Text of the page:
Despite the widespread attention to the fires in the Amazon, the Bolsonaro administration was rated worst in its management of the health sector. The environment was rated second-worst.
Mr. Bolsonaro has been widely criticized by environmentalists for calls to open up protected parts of the Amazon rainforest to logging, farming, mining and other development, which many say has caused further exploitation of the region. The illegally set fires and resulting deforestation, critics say, are being driven by his policies.
On Tuesday, Mr. Bolsonaro and members of his cabinet met with governors from all nine states that make up Brazil’s Amazon region to discuss the fire and offers of aid.
Some governors made clear they supported Mr. Bolsonaro’s drive to develop the Amazon, and complained that too much of their states’ territories were blocked off as indigenous and environmental reserves, hampering their growth.
Others were more concerned with securing the help offered by the G7 countries, and with bolstering diplomacy.
“We need support, international support, institutional support from the federal government,” said Wilson Lima, governor of Amazonas state. “All help is welcome.”
During the meeting, Mr. Bolsonaro blamed the international crisis in which he finds himself on media outlets that reported on the fire, on those who oppose him for not wanting to protect more indigenous land, and on France, whose president Mr. Bolsonaro believes has overreacted to the problem to score points at home.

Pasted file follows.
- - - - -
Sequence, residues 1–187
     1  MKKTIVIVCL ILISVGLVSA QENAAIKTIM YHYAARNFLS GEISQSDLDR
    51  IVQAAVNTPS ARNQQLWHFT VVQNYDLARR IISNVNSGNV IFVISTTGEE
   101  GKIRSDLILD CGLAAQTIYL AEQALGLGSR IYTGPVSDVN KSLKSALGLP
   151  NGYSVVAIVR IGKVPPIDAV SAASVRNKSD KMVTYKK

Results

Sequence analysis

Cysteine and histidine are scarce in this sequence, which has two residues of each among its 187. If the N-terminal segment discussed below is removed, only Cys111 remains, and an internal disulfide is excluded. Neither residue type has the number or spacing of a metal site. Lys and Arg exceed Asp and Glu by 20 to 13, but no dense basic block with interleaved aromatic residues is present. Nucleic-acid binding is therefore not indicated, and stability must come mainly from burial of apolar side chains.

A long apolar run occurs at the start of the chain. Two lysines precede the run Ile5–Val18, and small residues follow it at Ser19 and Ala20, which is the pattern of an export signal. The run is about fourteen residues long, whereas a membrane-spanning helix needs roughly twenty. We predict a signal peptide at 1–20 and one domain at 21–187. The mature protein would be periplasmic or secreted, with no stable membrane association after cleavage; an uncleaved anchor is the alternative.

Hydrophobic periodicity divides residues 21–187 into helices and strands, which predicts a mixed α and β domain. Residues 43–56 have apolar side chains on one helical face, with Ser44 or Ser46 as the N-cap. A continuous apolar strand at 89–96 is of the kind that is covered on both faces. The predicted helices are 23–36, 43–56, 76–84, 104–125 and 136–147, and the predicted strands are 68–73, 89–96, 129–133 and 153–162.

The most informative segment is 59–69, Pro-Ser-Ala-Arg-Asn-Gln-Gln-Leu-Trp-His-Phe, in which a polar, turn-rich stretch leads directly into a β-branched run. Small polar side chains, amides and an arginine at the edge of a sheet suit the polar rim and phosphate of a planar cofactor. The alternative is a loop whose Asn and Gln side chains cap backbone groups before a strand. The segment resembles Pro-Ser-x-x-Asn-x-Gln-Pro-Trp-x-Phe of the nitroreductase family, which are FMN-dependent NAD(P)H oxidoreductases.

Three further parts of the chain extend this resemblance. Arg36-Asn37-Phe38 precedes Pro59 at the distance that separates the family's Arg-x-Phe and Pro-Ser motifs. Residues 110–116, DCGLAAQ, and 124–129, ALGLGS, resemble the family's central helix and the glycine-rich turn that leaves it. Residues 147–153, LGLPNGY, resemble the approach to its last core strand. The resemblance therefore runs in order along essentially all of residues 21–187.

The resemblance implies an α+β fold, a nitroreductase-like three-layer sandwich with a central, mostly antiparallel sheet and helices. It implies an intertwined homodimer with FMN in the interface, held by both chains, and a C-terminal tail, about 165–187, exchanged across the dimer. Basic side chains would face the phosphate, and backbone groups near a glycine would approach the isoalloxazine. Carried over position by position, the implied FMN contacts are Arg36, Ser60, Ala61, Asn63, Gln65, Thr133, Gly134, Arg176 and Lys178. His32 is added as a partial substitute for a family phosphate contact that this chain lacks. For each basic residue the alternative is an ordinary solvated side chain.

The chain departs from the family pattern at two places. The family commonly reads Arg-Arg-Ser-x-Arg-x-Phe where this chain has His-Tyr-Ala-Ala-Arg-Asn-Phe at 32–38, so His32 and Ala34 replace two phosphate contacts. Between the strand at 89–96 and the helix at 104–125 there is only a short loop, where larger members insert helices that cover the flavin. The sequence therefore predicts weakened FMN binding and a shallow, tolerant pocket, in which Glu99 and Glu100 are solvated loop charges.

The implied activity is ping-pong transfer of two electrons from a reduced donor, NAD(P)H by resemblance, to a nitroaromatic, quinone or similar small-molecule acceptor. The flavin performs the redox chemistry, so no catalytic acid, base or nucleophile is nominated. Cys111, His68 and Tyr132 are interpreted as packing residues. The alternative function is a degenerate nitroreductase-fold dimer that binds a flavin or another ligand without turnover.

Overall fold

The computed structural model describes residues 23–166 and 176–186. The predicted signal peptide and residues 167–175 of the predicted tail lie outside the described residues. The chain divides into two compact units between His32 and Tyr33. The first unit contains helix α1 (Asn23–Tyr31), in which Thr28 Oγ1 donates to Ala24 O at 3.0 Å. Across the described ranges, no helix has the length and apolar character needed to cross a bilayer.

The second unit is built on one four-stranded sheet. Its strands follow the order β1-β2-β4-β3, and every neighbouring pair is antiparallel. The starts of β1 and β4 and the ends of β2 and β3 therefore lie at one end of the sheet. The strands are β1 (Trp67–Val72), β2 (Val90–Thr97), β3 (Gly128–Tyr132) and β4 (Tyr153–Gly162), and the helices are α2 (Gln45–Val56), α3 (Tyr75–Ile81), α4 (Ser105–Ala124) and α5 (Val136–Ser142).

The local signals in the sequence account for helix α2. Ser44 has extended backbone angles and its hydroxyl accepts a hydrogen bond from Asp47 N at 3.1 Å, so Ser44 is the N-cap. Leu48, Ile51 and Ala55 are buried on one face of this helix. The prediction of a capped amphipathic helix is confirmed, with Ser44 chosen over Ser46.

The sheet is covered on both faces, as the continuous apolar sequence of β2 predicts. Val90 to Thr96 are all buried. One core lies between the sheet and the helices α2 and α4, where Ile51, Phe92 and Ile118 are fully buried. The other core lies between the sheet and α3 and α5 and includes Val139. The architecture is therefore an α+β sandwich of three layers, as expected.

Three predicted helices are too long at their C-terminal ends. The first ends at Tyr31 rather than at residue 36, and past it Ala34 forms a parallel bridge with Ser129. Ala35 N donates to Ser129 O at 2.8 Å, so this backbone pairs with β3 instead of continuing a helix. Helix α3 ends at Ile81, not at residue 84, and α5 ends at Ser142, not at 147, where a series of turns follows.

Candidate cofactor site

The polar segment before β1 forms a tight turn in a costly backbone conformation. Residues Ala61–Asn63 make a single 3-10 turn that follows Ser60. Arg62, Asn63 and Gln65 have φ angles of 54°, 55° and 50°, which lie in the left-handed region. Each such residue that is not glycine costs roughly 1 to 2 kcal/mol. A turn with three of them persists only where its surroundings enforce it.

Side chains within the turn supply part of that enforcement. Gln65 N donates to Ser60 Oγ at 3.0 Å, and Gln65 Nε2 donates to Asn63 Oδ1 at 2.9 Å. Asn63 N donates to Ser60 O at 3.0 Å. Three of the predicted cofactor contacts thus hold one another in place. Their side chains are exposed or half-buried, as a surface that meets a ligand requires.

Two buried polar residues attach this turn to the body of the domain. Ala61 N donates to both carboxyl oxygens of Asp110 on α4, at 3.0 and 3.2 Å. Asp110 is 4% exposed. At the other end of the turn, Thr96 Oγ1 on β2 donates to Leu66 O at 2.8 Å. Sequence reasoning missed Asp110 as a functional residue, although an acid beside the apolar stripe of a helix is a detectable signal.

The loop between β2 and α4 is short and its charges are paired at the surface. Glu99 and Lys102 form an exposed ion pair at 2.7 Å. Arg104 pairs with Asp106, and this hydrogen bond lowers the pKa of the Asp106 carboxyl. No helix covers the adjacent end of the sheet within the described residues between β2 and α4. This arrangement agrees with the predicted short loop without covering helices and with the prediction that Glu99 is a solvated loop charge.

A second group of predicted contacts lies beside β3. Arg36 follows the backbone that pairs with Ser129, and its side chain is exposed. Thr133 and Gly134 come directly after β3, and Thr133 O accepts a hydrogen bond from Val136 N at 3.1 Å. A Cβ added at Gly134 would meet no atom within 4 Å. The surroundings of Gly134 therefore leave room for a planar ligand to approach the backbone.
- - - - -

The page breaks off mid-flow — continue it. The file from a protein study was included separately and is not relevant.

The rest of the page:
These international demonstrations of concern are, in reality, attempts to infringe on Brazil’s rights over its own territory, he said.
“What they want is our sovereignty,” he said about his international critics. “We have to unite to preserve what is ours and guarantee our sovereignty”
Accepting international help might come with “a price,” Mr. Bolsonaro warned, including the protection of other lands. “And this will take us to a destiny we already know: Brazil’s insolvency,” he added.
But as much as Brazil’s sovereignty must be respected, the country is not in a position to reject help, said Elizabeth Uema, a representative of an association of public servants who work in Brazil’s environmental agencies. Brazil also cut 25 percent of the budget for the main environmental agency, Ibama, this year.
“We need all the help we can get,” Ms. Uema said. “But, of course, the terms need to be negotiated.”
Some Brazilians are growing concerned about economic losses from the crisis. Norway and Germany have suspended contributions to the Amazon Fund, which bankrolls much of the equipment used in environmental law enforcement, over what they see as Brazil’s interference in the effort.
Mr. Macron himself has threatened to block a major European trade deal with four South American nations, including Brazil, which was just completed but has not been ratified. And Swedish and Norwegian pension funds have started investigating whether international companies with investments in the Amazon were taking enough action to save the rainforest.
Last Friday, Blairo Maggi, a former agriculture minister and the main shareholder at Amaggi, one of Brazil’s main grain trading groups, told a local radio station that he was worried the crisis could lead to a boycott of the country’s exports.
“We are not an isolated island,“ he said. “We need to pay attention to the path the world is taking.”